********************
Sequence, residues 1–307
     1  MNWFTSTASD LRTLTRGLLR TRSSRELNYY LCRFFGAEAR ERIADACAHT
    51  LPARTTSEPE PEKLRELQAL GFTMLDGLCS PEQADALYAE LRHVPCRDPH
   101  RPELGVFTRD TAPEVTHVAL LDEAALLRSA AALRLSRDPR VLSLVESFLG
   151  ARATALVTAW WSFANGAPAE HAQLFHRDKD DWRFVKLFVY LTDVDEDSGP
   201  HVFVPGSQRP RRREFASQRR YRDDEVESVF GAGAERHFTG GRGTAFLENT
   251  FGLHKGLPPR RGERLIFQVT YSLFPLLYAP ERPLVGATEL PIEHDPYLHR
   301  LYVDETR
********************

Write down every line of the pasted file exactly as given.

Sequence, residues 1–307
     1  MNWFTSTASD LRTLTRGLLR TRSSRELNYY LCRFFGAEAR ERIADACAHT
    51  LPARTTSEPE PEKLRELQAL GFTMLDGLCS PEQADALYAE LRHVPCRDPH
   101  RPELGVFTRD TAPEVTHVAL LDEAALLRSA AALRLSRDPR VLSLVESFLG
   151  ARATALVTAW WSFANGAPAE HAQLFHRDKD DWRFVKLFVY LTDVDEDSGP
   201  HVFVPGSQRP RRREFASQRR YRDDEVESVF GAGAERHFTG GRGTAFLENT
   251  FGLHKGLPPR RGERLIFQVT YSLFPLLYAP ERPLVGATEL PIEHDPYLHR
   301  LYVDETR